I work for a not-for-profit that helps communities and families in times of need. Post-drought, famine, other natural disaster, war or political conflict – that sort of thing. Something I’ve noticed is that when we put the call out for donations in response to these crises, we invariably get a lot of what I can only describe as “garbage.” This is clothing, shoes, and household items that is well beyond its use-by date. And I don’t mean just slightly worn; much of it is completely unusable, and we end up throwing it out. Don’t get me wrong. I and my organization are very, very grateful to all our donors. But is there some way to impress upon people that what is effectively just plain junk isn’t very helpful to us? What we really need is $$$, which we accept as well of course. – Name withheld
First of all, thank you for all that you do.
If it weren’t for organizations like yours—and individuals such as yourself—there would be far more suffering in this world than there already is. And while ultimately rewarding, I imagine the work you do requires no small amount of emotional investment, which likely takes its toll. Nor are you probably paid very well for your efforts either.
So again – thank you. You should be proud of what you do.
As for what you and your organization seem to be experiencing, a paper published in the Journal of Personality and Social Psychology in 2010 may shed light on this. In it, researchers studied patterns in charitable giving – and what they found is that, despite their limited resources, the lower classes—or the “poor”—tend to be more generous than the rich. The reason for this, they conclude, is as follows:
“[W]hereas upper class individuals can use their material wealth and access to buffer themselves against life’s disruptions, lower class individuals are more reliant on the strength of their social bonds and, as a consequence, are more prosocial.”
In other words, the poor are more charitable because it is easier for them to put themselves in the shoes of individuals in crisis your organization serves. They feel economically closer to, and therefore are more sympathetic towards others who may be in need. As a result, they are more willing to give.
But why the “garbage” instead of $, you might ask?
Well, it seems likely that this class of donors, being short on cash themselves, would be more inclined to contribute actual physical items to your organization because that’s all they have to spare. The rich, on the other hand, as happy as they are to share their wealth are unfortunately just generally less inclined to give.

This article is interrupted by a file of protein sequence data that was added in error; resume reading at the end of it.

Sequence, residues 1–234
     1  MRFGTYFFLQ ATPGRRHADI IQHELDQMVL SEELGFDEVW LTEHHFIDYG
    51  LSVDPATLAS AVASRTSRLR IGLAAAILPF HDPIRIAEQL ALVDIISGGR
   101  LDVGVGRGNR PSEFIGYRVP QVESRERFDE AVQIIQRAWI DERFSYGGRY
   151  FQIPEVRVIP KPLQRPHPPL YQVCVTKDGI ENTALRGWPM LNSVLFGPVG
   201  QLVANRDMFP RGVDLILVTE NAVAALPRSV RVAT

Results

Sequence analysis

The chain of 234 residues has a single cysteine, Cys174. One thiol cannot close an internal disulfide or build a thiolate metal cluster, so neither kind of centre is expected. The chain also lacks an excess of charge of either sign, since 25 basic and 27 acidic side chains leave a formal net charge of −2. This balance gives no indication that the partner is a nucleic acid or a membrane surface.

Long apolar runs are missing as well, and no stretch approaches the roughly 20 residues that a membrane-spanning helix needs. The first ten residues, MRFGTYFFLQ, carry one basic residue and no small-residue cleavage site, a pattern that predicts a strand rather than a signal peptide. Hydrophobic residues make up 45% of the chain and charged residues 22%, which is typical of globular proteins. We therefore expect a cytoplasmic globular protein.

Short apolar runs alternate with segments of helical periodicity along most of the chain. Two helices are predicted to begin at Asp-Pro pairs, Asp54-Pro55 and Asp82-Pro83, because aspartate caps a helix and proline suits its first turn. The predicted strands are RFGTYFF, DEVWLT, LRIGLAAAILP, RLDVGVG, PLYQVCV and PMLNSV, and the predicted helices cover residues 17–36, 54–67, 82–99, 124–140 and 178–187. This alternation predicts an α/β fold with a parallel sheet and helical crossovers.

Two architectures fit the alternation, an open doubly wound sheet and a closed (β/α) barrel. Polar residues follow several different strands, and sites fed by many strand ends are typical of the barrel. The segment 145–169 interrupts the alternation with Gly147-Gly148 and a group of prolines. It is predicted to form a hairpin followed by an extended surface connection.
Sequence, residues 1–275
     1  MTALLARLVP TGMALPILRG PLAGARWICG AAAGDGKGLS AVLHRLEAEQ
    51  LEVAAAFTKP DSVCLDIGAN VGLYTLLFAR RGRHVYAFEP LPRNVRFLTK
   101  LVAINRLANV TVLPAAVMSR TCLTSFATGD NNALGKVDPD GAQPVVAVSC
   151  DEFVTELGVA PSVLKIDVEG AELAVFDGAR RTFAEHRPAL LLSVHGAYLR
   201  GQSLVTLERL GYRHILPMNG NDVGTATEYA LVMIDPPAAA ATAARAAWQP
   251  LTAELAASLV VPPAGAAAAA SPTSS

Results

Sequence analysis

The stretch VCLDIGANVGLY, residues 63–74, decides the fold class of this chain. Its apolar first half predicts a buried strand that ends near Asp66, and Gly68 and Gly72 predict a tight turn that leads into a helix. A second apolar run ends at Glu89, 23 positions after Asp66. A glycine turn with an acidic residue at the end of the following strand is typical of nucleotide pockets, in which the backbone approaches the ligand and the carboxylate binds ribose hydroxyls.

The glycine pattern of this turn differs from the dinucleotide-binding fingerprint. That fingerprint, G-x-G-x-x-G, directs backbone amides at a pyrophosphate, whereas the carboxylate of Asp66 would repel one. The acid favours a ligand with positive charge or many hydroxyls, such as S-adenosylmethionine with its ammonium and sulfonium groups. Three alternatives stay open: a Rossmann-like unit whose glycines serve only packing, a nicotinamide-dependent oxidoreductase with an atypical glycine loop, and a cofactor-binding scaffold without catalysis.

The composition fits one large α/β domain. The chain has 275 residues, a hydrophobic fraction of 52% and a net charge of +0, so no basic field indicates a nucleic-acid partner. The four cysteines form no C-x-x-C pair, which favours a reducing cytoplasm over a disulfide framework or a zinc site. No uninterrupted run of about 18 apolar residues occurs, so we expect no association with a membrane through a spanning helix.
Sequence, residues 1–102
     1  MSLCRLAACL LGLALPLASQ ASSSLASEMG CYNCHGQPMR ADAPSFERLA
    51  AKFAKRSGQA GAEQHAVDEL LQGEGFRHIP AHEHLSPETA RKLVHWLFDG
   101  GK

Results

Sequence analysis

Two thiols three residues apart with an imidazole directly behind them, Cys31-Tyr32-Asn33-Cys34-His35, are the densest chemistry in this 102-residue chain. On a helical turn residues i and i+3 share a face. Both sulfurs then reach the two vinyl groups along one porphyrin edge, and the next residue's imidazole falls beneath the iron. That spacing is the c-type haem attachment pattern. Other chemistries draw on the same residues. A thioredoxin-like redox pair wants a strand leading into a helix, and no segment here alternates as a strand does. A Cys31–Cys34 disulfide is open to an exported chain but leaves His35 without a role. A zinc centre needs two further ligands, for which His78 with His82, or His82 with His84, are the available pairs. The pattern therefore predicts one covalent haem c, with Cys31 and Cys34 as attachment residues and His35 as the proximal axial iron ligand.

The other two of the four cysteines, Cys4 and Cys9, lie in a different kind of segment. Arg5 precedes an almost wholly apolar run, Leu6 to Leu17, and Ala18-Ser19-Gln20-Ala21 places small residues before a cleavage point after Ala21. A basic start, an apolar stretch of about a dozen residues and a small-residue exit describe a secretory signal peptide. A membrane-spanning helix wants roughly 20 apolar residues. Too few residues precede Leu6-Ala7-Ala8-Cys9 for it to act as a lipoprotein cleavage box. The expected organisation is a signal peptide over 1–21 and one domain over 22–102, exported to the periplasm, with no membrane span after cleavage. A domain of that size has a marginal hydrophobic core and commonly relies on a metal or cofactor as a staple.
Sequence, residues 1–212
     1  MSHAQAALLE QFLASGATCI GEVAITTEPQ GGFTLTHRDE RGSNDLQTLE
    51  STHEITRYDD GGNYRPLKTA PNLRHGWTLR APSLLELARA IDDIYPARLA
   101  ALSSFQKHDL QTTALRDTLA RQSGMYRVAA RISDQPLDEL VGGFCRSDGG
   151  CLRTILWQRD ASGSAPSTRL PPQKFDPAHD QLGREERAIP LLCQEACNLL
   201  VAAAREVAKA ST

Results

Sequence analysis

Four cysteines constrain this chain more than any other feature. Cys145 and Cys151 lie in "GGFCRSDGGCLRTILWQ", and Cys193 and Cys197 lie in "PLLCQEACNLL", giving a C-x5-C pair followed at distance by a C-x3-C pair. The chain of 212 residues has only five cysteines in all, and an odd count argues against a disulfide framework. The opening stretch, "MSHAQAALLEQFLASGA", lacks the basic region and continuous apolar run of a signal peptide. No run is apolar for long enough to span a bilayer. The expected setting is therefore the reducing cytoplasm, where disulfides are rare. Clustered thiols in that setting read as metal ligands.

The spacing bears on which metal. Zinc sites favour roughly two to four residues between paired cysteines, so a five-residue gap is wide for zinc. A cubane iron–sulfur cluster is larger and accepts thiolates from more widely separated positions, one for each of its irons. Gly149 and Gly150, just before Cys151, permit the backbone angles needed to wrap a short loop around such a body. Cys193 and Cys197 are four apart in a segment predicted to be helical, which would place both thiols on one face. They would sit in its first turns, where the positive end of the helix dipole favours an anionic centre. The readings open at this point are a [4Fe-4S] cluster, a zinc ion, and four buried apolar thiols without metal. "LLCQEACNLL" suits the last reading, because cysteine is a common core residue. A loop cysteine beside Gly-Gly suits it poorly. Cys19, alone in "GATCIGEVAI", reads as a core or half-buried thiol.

Keep in mind too that what may appear to be trash to you may be anything but to someone experiencing poverty. For a glimpse of how the working poor are able to wring every last bit of utility from what little they have, I recommend Linda Tirado’s wonderfully insightful book, Hand to Mouth: Living in Bootstrap America (2014). One of the workarounds she describes is making diapers for her two children out of old T-shirts.
Given this level of ingenuity, the “junk” your organization receives may still hold value in the eyes of your donors (and its recipients, as well?). So while I understand your frustration, don’t make the mistake of misreading the intent behind the gesture. I sincerely doubt these folks are unloading their crap on you simply because it’s easier than bagging it up and dragging it to the curb on garbage day.
(Somewhere in all of this I also can’t help but wonder if there’s an explanation for recent trends in executive pay. If people are more sympathetic to those of the same socio-economic class, perhaps having a CEO’s compensation decided and approved by a board of directors populated by a bunch of other high-paid executives isn’t such a great idea after all? But I digress.)
Finally, the bad news for you and your organization is that in light of current wage stagnation in this country, there is likely no end in sight for the make-up—or the quality—of donations you’re receiving.
Factoring this into your organization’s overall mission and strategy going forward is something you and your colleagues may want to consider.
 According to ZipRecruiter.com, the average salary for non profit employees in the US is $51,566, annually. Pay ranges from $29,500 to $112,000, with approximately 50% of all NFP workers making less than $44,500 per year. (https://www.ziprecruiter.com/Salaries/Non-Profit-Organizations-Salary)
 Piff, Paul K., Michael Kraus, Bonnie H. Cheng, and Dacher Keltner. “Having Less, Giving More: The Influence of Social Class on Prosocial Behavior.” Journal of Personality and Social Psychology. 2010 (Advance online publication. doi: 10.1037/a0020092), p. 3.
 In 2018, the median CEO Pay Ratio was 178:1; by 2022, it had increased to just over 250:1. FROM: Batish, Amit. “Early CEO Compensation and PvP Disclosure Trend From the 2023 Proxy Season.” Harvard Law School Forum on Corporate Governance. Posted April 20, 2023. https://corpgov.law.harvard.edu/2023/04/20/early-ceo-compensation-and-pvp-disclosure-trends-from-the-2023-proxy-season/#:~:text=As%20compensation%20for%20CEOs%20accelerated,Equilar%20500%20companies%20in%202021. Retrieved 5/10/2023.
 Tirado, Linda. Hand to Mouth: Living in Bootstrap America. 2014 (Berkley), p. 121.
 Desilver, Drew. “For most U.S. workers, real wages have barely budged in decades.” PEW Research Center. August 2018. https://www.pewresearch.org/short-reads/2018/08/07/for-most-us-workers-real-wages-have-barely-budged-for-decades/. Retrieved 5/10/2023.